A father and son who kept a man as a slave for 40 years has avoided being sent to prison.
Peter Swailes was given a nine-month prison term, suspended for 18 months in court this morning, for his sickening crimes.
He was initially charged alongside his 80-year-old father, also called Peter Swailes, with Modern Slavery Offenses – but his father died last year shortly before standing trial.
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Both men had denied the charges, which included conspiring to arrange or facilitate the travel of an individual between 2015 and 2019 with a view to him being exploited.
But Peter Swailes Jr later pleaded guilty to the offense at Carlisle Crown Court last month, and was sentenced today.
The dad and son’s crimes were uncovered after a three-year investigation by the Gangmasters and Labor Abuse Authority (GLAA), supported by Cumbria Police and the National Crime Agency (NCA), after a man was found living in a 6ft shed on a residential site north of Carlisle.
Investigators carried out a search warrant at Hadrian’s Caravan Park on October 3, 2018 and discovered the small green wooden shed next to the caravan.
They found there was no heating in the cramped shed, with a soiled duvet on the floor and a metered television.
They knocked on the door and were greeted by the victim, who appeared disheveled and agitated before telling officers he had lived there for 40 years.
The victim then asked if he could have a wash, indicating that he washed in a kitchen sink in a building next to his shed, the GLLA said.
The Authority say the shed was in a ‘poor’ condition with just one window which could not be fully closed. It was in complete darkness when the doors were shut.
An old electric heater with damaged wiring was discarded in the corner of the shed, and there was no other heating inside, they said.
By contrast, officers noted that another shed on site used for the family dog to sleep in was in a far better state, the GLLA say.
During an interview with investigators, the victim said he worked on farms.
He described painting, slating and tarmacking and said he was paid as little as £10 per day.
As the investigation continued, officers suspected Swailes’ son of the same offenses.
Peter Swailes Senior was arrested in his static caravan on suspicion of offenses under the Modern Slavery Act 2015.
At the time of his arrest he was heard to say: “Not all this slavery thing again”.
Swailes Junior, of Cryndlbeck Stables, Low Harker, Carlisle, was arrested at the same site by the GLAA in April 2019 and offered no comment during a police interview.
Both men were subsequently charged with conspiracy to organize the travel of an individual with a view to exploiting them, contrary to Section 2 of the Modern Slavery Act 2015 and Section 1 of the Criminal Law Act 1977.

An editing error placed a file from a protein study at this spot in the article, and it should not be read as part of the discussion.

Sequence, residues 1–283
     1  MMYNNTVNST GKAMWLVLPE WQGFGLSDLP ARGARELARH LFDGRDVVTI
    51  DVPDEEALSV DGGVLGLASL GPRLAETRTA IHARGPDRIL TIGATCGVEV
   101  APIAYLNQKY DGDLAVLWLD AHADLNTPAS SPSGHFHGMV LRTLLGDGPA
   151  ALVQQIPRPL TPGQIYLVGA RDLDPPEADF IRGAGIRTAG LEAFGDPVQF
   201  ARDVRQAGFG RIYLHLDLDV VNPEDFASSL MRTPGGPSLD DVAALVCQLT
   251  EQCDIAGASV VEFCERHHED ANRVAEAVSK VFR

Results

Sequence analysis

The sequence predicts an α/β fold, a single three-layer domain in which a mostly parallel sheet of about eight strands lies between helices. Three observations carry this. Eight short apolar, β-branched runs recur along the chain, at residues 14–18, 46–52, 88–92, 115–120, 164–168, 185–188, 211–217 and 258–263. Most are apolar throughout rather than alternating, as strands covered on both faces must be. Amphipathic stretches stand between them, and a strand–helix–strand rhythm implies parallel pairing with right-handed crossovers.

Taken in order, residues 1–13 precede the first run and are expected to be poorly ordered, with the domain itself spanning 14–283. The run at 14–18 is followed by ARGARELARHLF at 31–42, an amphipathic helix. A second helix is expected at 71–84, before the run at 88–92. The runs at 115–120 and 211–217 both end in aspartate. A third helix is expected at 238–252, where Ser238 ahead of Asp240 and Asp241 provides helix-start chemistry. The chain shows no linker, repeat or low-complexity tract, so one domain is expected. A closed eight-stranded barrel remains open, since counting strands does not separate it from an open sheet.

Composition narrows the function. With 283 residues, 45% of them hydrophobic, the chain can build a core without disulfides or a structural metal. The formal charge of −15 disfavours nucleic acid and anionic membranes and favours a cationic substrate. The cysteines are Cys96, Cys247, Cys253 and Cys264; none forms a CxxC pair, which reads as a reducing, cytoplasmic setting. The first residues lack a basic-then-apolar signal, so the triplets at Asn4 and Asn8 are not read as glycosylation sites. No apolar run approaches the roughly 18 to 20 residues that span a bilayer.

However Swailes Senior died in 2021, aged 81, shortly before standing trial.
The victim was accepted into the government’s National Referral Mechanism (NRM) on the day he was rescued and continues to receive specialist support.
He lives in supported accommodation outside of Cumbria.
Swailes Jr, 56, received a suspended jail sentence after he admitted conspiring with his father to financially exploit the man since July 2015 – when the Modern Slavery Act came into law. The Crown accepted Swailes Jr’s basis of plea that although he had known the victim for many years he was unaware of his living conditions.
The case was described as ‘harrowing’ by a senior investigator, who said the victim would be ‘traumatized’ for the rest of his life.
Senior Investigating Officer Martin Plimmer said: “First and foremost in my mind at this time though is the victim. Let’s remember that he has been exploited for all his adult life up until just a few years ago.
“He is now in his early 60s. This is something that even now I struggle to comprehend.
“For four decades, he was in effect kept as a slave.”
Mr Plimmer added: “This has been a really harrowing investigation.
“In all my years in law enforcement, I have never known a modern slavery case where the exploitation has taken place over such a long period of time.
“It is pleasing to see that Swailes has finally done the right thing and pleaded guilty. I would like to pay tribute to the dedication and professionalism of my investigators in dealing with what has been a very complex investigation, one that has thrown up numerous challenges along the way.”
He added: “We are sadly all too aware of the fact that [the victim] will be traumatized by his experience for the rest of his life.
“I am committed to ensuring he continues to have the regular, consistent support he needs which allows him to lead as normal a life as he can in the circumstances.”
George Holan is chief editor at Plainsmen Post and has articles published in many notable publications in the last decade.